Howards End

A House Is Not a Home

The producing/directing team of Ismail Merchant and James Ivory brought to the screen some of the loveliest films of the 1980s and 90s. While some critics berated their films as nothing more than extended installments of Masterpiece Theater, Merchant-Ivory films became the benchmark for literary adaptations.

Their penchant for classic British literature showed in a trilogy of films based on the novels of E. M. Forster, including my favorite, HOWARDS END (1992). Beginning with THE EUROPEANS in 1979, Richard Robbins composed the music for every one of Ivory’s films through his final picture, THE CITY OF YOUR FINAL DESTINATION, in 2007.

Like most of his Merchant-Ivory scores, Robbins’ Oscar-nominated music for HOWARDS END has its pleasant moments, but the whole is less than the sum of its parts. Plagued by Robbins’ trademark incessant noodling, the score starts nowhere and proceeds along a winding path with no consistent melodic content to beckon the ear. Bookending the film, however, are two delightful piano pieces by British composer Percy Grainger (1882-1961).

The main title sequence begins with two crashing chords and some nondescript music from Robbins that foreshadow the tragedy ahead, followed by the delicate strains of Grainger’s Bridal Lullaby on pianoDating from 1916, Bridal Lullaby was composed as a wedding gift for Karen Holten. She and Grainger had met in 1905 and the love-affair between them lasted for several years, being conducted almost entirely by letter. The version of the piece heard in the film was reconstructed by Grainger expert, Barry Peter Ould, from Grainger’s original notes.

“During a visit to the USA (March-April 1985),” writes Ould, “I was thrilled to find that among the facsimile manuscript collection of Grainger material housed in the White Plains Public Library, a copy of what was listed as a sketch for piano of Bridal Lullaby was part of their collection. I at once obtained permission to view the copy manuscript, and was delighted to see that it was complete, although Grainger had written on all pages ‘sketch for Bridal Lullaby‘. On a page of commentary (page 1 of the manuscript) he states: ‘Publish as it is, as a sketch.'”

According to author Thomas Lewis, the piece “was written in both a state of regret at what had been lost and satisfaction that Karen had at last found happiness.” Another note from Grainger himself appeared in the commentary and provides poignant insight into the emotional background of the piece: “See Karen Holten’s letter to me of 24-6-16 telling me she hoped to marry Dr Kellerman on August 16, 1916. Early August ( 1916) mother & I were down at Southampton, Long Island, staying with Mrs Samuel Thorne. I felt sad all that summer, weighed down with the thought of losing Karen (inevitable, of course), yet very glad, too, that she should have a real full satisfying life of her own ahead, & wishing her Ever so well all thru life. In this mood of loving sentimental sorrow (very acute Aug 15-16, 1916) yet tender resignation the ‘Bryllups-vuggevise’ was born.”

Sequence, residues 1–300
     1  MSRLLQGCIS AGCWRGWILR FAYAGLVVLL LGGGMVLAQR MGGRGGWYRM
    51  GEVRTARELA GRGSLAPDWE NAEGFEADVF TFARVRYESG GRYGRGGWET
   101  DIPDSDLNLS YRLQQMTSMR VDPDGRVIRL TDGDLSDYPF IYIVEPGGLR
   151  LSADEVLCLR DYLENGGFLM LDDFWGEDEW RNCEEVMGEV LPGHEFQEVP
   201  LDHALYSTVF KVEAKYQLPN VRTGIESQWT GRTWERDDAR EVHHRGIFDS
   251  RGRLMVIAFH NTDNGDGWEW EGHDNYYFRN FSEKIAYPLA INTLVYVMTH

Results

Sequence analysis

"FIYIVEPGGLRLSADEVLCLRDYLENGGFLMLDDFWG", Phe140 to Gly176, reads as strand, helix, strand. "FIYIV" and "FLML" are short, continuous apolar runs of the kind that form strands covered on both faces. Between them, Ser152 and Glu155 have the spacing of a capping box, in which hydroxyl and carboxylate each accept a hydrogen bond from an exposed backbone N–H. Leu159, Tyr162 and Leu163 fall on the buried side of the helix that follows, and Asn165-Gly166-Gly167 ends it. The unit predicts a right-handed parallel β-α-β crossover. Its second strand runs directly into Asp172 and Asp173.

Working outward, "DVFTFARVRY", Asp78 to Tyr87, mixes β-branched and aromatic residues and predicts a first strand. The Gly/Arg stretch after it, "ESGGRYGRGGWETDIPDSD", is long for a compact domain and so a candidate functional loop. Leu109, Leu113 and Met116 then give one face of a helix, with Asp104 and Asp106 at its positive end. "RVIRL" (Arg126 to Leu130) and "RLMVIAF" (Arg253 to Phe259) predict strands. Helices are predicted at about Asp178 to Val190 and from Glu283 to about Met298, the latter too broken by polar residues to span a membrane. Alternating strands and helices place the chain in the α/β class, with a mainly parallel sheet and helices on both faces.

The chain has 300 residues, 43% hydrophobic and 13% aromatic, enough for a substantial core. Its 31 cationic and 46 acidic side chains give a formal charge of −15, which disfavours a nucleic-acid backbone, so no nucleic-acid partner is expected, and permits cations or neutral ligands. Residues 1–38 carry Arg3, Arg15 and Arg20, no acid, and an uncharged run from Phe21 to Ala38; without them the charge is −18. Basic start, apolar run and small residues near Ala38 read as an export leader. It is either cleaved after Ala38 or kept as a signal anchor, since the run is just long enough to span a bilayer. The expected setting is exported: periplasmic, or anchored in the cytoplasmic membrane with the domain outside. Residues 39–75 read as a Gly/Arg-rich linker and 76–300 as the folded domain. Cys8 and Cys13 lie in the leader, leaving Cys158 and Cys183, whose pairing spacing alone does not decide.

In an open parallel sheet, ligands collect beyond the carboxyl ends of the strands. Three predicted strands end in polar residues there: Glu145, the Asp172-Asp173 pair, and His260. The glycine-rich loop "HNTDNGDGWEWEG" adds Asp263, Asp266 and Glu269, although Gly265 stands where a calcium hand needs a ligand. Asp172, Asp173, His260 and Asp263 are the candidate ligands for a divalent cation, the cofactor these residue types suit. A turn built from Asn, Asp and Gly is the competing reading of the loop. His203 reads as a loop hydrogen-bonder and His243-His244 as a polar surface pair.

In only 17 bars, Grainger’s piece provides the perfect atmosphere of regret and loss pervading the main titles. To the piano’s delicate strains, we see a vision of the ever-beautiful Vanessa Redgrave slowly wandering through a field. The twilight dim casts a ghostly glow on her features as she gazes upon the energetic life inside Howards End.

Much as Robbins’ score for A ROOM WITH A VIEW (1986) was overshadowed by the Puccini arias that he chose, his score for HOWARDS END is eclipsed by the Grainger pieces that bookend the film. Robbins’ Oscar nomination rode in on the skirt hems of the film’s popularity, and if voters were humming anything from the score, the tune was Grainger not Robbins.

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